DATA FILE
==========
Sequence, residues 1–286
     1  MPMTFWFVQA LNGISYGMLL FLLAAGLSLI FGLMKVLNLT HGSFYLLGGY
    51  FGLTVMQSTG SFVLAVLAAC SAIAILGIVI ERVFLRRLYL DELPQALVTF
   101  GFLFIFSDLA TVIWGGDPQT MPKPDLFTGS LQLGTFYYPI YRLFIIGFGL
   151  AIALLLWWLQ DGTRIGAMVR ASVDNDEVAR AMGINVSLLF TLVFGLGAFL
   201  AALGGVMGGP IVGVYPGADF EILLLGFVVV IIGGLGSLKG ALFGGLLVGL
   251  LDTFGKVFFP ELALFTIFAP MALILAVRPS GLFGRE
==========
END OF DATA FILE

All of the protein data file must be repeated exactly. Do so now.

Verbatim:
Sequence, residues 1–286
     1  MPMTFWFVQA LNGISYGMLL FLLAAGLSLI FGLMKVLNLT HGSFYLLGGY
    51  FGLTVMQSTG SFVLAVLAAC SAIAILGIVI ERVFLRRLYL DELPQALVTF
   101  GFLFIFSDLA TVIWGGDPQT MPKPDLFTGS LQLGTFYYPI YRLFIIGFGL
   151  AIALLLWWLQ DGTRIGAMVR ASVDNDEVAR AMGINVSLLF TLVFGLGAFL
   201  AALGGVMGGP IVGVYPGADF EILLLGFVVV IIGGLGSLKG ALFGGLLVGL
   251  LDTFGKVFFP ELALFTIFAP MALILAVRPS GLFGRE